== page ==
Michael Moore is a Big Fat Stupid White Man!

LOL, I thought I’d sample Mike Moore’s sensationalist style and use the title of this book as my post heading. I wandered down to Dymocks on the weekend, to see if I couldn’t find a good book to read. I eventually had to take a break from Critical Mass by Philip Ball, after I still couldn’t get past the fifth chapter (the book rocks, but is really intense), and picked up Michael Moore Is A Big Fat Stupid White Man by David T. Hardy and Jason Clarke.

The book is a deconstruction of Michael Moore’s “documentaries”, and pretty much expatiates all the condensed snippets the viewers is privy to in Mike’s movies, and gives you the greater context. For example, there is that infamous scene in Bowling for Columbine (BFC) where Charlton Heston has a gun raised above his head while he bellows, “from my cold, dead, hands”. Turns out, it’s not exactly the way we saw it.

In BFC, after watching it the first time, I was under the impression that Charlton Heston had said that as part of his speech in Michigan, just after the Columbine tragedy. I was thinking, man, he is one cold dude. But it turns out, he didn’t even say that then. He actually said it almost a year later.

So I did a quick search on the web, and found this article with looks to be the first CNN story on the Columbine shooting:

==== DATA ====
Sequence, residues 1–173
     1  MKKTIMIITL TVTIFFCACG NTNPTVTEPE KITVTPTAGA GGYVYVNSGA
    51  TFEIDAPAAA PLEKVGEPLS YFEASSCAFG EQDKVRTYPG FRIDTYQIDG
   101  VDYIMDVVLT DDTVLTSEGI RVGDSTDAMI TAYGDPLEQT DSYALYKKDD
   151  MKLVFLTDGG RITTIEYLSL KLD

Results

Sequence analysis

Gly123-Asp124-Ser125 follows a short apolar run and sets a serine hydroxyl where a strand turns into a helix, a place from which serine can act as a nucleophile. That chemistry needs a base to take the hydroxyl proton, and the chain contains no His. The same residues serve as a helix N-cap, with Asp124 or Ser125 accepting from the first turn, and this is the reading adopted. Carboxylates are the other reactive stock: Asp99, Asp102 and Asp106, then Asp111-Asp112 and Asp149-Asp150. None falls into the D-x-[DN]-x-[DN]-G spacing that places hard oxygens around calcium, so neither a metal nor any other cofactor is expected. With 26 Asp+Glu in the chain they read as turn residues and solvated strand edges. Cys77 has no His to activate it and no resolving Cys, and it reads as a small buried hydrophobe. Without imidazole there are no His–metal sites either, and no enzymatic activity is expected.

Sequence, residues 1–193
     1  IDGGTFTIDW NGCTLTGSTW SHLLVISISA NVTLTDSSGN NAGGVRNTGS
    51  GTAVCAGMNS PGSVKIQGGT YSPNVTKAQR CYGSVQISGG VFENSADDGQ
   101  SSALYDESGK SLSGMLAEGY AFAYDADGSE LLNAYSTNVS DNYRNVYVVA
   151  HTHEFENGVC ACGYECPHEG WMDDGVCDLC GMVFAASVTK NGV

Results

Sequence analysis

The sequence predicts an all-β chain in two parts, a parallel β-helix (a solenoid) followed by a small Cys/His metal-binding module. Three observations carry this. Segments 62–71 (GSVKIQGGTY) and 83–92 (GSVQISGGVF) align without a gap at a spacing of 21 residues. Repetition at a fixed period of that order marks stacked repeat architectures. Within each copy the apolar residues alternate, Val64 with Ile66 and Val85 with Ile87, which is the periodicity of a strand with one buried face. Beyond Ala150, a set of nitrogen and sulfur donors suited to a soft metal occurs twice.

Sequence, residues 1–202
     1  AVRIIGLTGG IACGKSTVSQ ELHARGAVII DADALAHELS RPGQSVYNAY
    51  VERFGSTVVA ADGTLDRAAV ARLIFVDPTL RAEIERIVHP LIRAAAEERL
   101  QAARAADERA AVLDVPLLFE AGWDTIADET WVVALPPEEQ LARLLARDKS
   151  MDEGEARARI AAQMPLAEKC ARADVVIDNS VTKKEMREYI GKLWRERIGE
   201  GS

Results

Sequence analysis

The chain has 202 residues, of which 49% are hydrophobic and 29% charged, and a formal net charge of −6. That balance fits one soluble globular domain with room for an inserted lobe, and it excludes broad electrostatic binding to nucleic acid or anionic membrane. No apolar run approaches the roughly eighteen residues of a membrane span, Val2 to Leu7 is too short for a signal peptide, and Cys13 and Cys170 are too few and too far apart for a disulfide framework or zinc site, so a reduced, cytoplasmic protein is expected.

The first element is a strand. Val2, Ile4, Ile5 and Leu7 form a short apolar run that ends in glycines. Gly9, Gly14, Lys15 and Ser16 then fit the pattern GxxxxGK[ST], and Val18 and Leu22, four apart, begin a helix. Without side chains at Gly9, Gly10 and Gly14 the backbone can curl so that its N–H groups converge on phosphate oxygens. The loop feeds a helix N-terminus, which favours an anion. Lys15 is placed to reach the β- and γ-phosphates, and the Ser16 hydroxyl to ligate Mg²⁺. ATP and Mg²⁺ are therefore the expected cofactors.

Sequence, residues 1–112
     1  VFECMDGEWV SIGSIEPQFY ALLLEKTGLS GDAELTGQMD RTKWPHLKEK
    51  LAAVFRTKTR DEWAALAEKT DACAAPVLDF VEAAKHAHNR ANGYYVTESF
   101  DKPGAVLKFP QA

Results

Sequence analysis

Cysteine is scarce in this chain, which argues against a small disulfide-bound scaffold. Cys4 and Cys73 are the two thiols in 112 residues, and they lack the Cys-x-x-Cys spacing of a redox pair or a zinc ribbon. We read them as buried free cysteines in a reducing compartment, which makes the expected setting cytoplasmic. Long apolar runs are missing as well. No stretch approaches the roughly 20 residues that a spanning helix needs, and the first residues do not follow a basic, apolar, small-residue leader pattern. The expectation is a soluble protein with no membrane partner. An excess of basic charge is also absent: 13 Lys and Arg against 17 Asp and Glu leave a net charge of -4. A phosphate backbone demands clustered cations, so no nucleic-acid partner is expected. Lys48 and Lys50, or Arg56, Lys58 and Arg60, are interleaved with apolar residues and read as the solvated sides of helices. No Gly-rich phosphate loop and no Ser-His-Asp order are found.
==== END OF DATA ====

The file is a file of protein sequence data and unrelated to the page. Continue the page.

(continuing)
It’s dated April 20, 1999. So I’ve got that time-line. The next article is one I found on Hardy’s website, it’s a link to an article that gives the context to Charlton’s speech.


It is dated May 21, 2000. So, I suppose, yeah, it’s one year later, which makes me a little peeved at Mr. Moore, as I pretty much put two and two together after watching BFC, and came up with a giraffe!

I then searched for Heston and “From my cold dead hands”, and found this article on BBC’s website:


It’s dated May 20, 2001. Hmm, so now I’m a little confused…how often does Charlie hold a musket above his head and yell that classic “cold hands” line? Well, turns out, pretty much every NRA annual meeting.

So then, BFC was released in 2002. This left me to wander why that little point wasn’t explained to the viewer, considering that in about 3 minutes, I was able to discover that Charlie has a recurring penchant for hoisting muskets above his head and yelling crazy talk, yet, in Michael Moore’s BFC, I’m led to believe that Charlie delivered that little gift purely for the benefit of the poor folk of Columbine.

Anyway, I’m still reading, and getting more annoyed at being led down the garden path by Mr. Moore, and am getting even more convinced that the truth can only be what you’ve experienced with your own eyes and ears (even that’s not always reliable though ;)).